Kobudai is omnivores fish. They eat both animals and plants. They eat oysters, small fish, clams, shellfish, crustaceans, and blue crabs. Their diet also includes chironomid (midges) larvae, zooplankton, and polychaetes.

These Kobudai fish are mostly eaten by larger predators such as sharks. Because the fish are not poisonous, they are often hunted for flesh by humans due to their light flesh and flavor, especially in China, Japan, and Korea.

5. Kobudai are born females

As a wrasses species, Kobudai is sequential hermaphrodite by nature. This means they will change their sex when the time comes.

The Asian sheepshead wrasses fish is born female. However, they can change gender from females to males, depending on the circumstances like there are not enough males in the environment. The time for them to go through a bodily transformation is about a month. The primary goal of this action is to mate.

This process is opposite to that of the clownfish. All clownfish are males and they will change their gender depending on the situation.

Besides clownfish, Kobudai is not the only fish that can change their gender. Here are some other fish that can be gender-bending.

6. Kobudai’s reproduction

The Kobudai reaches sexual maturity at 2 years old. This age is pretty soon when compared to the maturation periods of other wrasse species. The Asian sheepshead wrasse has a fairly low reproduction rate.

These fish mate in the same way that other marine species do. A male and female meet up and create a pair. When becoming a pair to breed, they are very territorial. The biggest male will chase away all other rivals before mating with the female at the surface.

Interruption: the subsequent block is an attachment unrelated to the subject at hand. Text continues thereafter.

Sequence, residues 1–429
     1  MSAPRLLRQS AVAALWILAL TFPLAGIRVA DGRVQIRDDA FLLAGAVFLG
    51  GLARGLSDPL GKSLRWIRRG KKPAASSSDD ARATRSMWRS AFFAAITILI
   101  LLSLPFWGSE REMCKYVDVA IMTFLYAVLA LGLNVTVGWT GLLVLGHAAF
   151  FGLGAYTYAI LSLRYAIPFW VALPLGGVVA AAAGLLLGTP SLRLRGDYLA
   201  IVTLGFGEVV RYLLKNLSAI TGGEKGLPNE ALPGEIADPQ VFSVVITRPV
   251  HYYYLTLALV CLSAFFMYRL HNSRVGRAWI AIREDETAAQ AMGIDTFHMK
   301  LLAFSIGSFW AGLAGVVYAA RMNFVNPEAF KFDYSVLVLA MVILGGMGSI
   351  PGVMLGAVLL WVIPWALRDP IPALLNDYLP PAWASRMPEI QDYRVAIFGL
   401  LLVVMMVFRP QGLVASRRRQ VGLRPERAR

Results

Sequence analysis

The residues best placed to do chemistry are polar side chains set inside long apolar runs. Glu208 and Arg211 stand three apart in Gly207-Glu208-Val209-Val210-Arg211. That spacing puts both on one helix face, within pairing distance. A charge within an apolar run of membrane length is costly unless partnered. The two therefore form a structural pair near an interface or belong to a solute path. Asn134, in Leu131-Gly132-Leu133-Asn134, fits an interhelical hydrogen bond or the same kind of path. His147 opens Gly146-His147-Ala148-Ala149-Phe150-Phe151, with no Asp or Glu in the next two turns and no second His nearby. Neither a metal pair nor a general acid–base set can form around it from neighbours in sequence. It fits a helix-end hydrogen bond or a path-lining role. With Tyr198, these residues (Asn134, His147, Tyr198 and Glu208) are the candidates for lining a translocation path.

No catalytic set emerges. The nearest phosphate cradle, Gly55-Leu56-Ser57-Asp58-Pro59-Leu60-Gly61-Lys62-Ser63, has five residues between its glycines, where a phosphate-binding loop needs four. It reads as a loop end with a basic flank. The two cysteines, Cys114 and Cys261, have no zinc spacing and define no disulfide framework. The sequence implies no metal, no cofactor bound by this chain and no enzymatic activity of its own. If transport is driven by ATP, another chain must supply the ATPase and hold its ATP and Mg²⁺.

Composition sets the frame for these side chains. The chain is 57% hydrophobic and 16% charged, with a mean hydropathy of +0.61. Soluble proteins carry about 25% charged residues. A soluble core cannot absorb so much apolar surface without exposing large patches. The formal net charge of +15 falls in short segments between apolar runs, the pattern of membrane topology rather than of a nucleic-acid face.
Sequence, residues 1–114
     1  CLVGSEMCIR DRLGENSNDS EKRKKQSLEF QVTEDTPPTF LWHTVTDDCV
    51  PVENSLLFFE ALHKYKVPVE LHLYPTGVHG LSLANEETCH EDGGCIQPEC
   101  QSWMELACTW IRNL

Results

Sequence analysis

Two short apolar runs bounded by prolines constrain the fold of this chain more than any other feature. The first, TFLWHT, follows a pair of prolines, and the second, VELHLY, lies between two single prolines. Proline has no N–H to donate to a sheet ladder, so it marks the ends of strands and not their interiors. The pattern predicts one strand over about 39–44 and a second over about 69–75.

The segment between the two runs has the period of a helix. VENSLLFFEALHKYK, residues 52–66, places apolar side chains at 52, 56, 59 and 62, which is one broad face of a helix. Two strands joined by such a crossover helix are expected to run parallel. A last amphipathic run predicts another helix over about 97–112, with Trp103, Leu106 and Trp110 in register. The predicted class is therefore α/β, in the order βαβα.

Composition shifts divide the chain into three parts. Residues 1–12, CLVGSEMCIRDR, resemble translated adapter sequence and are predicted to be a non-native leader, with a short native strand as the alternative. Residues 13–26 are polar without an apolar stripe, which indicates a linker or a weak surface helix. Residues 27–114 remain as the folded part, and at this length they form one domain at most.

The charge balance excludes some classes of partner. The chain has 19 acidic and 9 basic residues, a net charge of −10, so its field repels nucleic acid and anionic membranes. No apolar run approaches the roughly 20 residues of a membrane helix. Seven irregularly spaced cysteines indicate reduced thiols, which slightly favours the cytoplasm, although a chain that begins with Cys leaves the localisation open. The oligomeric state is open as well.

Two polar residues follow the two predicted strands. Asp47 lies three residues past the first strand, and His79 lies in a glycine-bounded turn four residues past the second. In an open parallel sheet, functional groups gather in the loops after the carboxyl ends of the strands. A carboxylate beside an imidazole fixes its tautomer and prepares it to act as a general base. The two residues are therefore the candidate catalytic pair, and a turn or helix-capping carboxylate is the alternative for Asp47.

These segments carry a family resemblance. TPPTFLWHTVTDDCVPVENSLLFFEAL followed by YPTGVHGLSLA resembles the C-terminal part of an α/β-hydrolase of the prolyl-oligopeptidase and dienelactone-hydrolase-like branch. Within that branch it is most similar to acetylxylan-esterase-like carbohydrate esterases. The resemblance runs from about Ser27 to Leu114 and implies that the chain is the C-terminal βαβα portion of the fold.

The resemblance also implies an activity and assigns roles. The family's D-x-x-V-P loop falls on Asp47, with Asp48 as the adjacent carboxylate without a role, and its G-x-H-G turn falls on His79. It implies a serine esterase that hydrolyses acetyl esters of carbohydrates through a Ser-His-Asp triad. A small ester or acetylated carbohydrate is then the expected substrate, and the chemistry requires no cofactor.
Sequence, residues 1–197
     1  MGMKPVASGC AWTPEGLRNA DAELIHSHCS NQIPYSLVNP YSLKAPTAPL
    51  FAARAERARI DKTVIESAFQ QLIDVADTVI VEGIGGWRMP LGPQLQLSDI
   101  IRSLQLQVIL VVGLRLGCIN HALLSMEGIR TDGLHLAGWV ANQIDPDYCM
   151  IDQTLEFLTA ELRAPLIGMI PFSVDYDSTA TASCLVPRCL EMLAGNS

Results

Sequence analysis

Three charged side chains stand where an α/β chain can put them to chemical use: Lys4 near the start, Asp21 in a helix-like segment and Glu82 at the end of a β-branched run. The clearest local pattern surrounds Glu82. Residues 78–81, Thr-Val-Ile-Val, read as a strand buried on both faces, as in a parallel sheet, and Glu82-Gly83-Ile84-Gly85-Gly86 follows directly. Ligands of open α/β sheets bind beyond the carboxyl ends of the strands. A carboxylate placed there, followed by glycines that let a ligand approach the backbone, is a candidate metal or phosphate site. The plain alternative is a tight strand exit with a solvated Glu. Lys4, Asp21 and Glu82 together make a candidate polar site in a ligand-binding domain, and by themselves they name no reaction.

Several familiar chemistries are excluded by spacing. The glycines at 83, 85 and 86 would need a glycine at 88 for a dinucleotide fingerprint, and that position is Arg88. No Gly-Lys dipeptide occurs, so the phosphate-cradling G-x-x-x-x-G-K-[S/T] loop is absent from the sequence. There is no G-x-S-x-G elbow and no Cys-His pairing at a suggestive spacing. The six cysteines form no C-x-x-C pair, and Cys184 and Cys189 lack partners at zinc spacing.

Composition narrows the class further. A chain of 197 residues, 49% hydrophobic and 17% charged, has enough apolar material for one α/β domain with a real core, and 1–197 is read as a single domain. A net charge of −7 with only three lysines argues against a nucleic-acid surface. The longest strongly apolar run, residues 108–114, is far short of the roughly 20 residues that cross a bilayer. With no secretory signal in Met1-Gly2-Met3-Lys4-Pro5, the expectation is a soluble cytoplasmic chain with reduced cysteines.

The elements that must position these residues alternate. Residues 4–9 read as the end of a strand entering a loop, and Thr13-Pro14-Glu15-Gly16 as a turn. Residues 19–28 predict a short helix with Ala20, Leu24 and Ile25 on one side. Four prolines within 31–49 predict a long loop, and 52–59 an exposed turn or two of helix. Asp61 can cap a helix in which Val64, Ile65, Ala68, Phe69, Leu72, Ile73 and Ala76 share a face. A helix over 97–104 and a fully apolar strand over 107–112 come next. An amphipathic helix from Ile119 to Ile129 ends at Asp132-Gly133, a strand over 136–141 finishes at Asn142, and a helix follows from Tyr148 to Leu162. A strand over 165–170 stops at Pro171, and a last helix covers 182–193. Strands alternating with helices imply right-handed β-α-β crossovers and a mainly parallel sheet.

After mating, they find a favorable location for the gestation period. During this time, the pair is typically found around coral reefs.

The female lay eggs and the male release sperms at the same time. Water currents help to fertilize the eggs. These fertilized eggs are observed in coral reef waters.

The Kobudai has a long lifespan. They can live for approximately 20 years. In some literature, the life expectancy of the Asian sheepshead wrasse female is 30 years and 25 years for the male.

7. Conservation status

The Asian sheepshead wrasse is categorized as data deficient by the International Union for Conservation of Nature (IUCN). There’s not enough data about their diet, reproduction, and life cycle.

The exact quantity of this species is still unknown. However, some regular divers and experts indicate a diminishing tendency in their population. The reason for this decline could be Kobudai’s low reproduction rate. Furthermore, they take a long time to mature.


The Asian sheepshead wrasse is a big fish found on the Pacific Ocean’s Asian coast. The first impression about this fish is its huge hump on the head and aggressive face. However, despite the scary look, the Kobudai is friendly and harmless to humans.

There are many aspects of this species that remain unknown, such as its development, reproduction, and population. This fish is a delicious dish for Chinese, Japanese, and Korean.



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1 thought on “(Kobudai) Asian Sheepshead Wrasse Facts: They Change Gender from Females to Males”

  1. I had heard of hermaphroditic fish before, but the Kobudai’s ability to transition between male and female multiple times in its life cycle is mind-blowing. This article opens my eyes